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people through their senses, dramatic shows on all the more important feast days formed a regular part of the Divine service. From the Church this custom spread by a natural transition to the chapels of religious confraternities and the trade-halls of the guilds, who celebrated their patron saints with scenic shows and pageants. To what extent words were used on these occasions, and at what date dialogue was introduced, is doubtful. Yet this is a matter of purely antiquarian interest. The passage from dumb show, through simple recitation of such phrases as the Angel's 'Ave Maria gratia plena,' to a more dramatic form of representation, was inevitable; while our copious collections of Latin hymns, lauds, litanies, and Passion monologues, prove that appropriate choral accompaniments were never wanting. The chief point to be borne in mind is that from an early period of the Middle Ages the Church accustomed men to acting in connection with her services ; and that, while the clergy took care to keep this adjunct to the liturgy in their control, the people participated, and thus became familiarised with drama as a form of art. When we reflect that the Scripture and the legends of the Saints formed almost the whole intellectual treasure of the laity, we shall better understand the importance of the religious Drama which thus came into existence. It was not, as it now might be, a thing apart from life, reserved for pious contemplation. It gave artistic shape to all reflections upon life; presented human destinies in their widest scope and their most striking details ; incorporated medieval science, ethics, history, cosmography, and politics ;

bringing abstractions vividly before the eyes and ears of folk who could not read.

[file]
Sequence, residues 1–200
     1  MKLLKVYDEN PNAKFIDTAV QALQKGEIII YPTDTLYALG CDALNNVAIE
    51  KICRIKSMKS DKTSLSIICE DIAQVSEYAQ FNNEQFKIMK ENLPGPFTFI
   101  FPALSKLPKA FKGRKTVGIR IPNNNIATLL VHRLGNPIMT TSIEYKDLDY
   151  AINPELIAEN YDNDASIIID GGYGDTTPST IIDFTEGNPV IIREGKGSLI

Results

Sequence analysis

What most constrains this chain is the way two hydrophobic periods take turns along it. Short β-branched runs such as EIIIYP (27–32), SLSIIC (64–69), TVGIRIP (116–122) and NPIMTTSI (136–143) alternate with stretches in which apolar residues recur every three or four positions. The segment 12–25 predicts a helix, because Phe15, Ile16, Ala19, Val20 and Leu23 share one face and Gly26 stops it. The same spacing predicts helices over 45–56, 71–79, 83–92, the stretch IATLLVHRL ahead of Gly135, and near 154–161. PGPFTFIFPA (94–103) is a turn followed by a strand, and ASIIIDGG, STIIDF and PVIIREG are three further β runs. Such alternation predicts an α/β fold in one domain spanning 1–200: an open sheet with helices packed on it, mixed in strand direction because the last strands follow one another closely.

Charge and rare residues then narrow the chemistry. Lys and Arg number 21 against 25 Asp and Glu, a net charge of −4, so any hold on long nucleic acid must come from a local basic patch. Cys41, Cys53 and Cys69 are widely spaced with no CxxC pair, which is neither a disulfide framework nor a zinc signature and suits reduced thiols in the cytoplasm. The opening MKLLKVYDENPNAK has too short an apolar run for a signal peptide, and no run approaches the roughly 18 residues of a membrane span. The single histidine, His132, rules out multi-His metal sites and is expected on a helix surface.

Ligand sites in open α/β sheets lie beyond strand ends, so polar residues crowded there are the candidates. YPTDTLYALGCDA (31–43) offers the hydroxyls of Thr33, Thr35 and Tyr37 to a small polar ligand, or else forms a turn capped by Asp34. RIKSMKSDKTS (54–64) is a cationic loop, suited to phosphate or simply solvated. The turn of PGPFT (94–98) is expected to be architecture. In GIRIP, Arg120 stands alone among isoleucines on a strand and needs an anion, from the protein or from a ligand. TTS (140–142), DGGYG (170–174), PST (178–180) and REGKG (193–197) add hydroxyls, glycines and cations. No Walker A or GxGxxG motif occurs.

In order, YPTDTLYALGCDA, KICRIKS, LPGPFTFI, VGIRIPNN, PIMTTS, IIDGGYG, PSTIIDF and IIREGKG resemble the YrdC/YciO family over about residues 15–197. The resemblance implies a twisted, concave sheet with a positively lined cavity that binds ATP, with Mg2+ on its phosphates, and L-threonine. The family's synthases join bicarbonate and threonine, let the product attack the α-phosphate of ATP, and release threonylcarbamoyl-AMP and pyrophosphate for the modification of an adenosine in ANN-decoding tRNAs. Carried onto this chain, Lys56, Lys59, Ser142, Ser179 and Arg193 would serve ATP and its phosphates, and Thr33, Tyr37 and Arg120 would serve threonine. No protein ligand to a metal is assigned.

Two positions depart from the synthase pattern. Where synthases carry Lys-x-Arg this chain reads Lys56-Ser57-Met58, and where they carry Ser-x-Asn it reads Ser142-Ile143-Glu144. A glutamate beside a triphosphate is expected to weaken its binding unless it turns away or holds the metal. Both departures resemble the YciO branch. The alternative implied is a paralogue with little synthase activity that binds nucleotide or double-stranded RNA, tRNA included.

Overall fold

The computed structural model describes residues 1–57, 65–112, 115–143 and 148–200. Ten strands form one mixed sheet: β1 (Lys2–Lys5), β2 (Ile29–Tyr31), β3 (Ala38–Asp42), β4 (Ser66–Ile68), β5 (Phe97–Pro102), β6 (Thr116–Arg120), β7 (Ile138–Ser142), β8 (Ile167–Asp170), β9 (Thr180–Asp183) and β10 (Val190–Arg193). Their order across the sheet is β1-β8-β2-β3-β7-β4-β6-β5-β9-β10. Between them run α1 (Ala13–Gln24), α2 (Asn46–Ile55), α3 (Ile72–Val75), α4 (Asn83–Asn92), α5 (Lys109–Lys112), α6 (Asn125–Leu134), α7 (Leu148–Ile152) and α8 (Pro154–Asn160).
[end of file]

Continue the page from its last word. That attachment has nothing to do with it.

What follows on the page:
The transition from the liturgical drama and the ecclesiastical pageant to the Miracle or Mystery was simple. Exactly at what date plays setting forth the Scripture history and legends of the Saints in words intended to be spoken, were first composed, we do not know. But from the extant specimens of such plays in the chief languages of Europe, it seems clear that they were already widely diffused before the middle of the thirteenth century; and it is probable that the festival of Corpus Christi, instituted in 1264 by Urban IV., gave an impulse to their performance. The text was written by monks, and in the first instance almost certainly in Latin. The common name for them was Ludus. Thus we read in the Friulian Chronicles that a Ludus Christi, embracing the principal events from the Passion to the Second Advent, was acted at Cividale in the Marches of Treviso in 1298. Our Coventry Miracles are called Ludus Coventria. As early as 1110 a ‘Ludus de S. Katharina' was represented at Dunstaple by Geoffrey, Abbot of S. Albans.

As these sacred dramas became more popular, the vernacular was substituted for Latin in their composition, their scope was enlarged until it embraced the whole of Christian history, and the artistic form assumed a different shape and name in different countries. In France a distinction was drawn between the Mystère and the Miracle ; the former being adapted from Scrip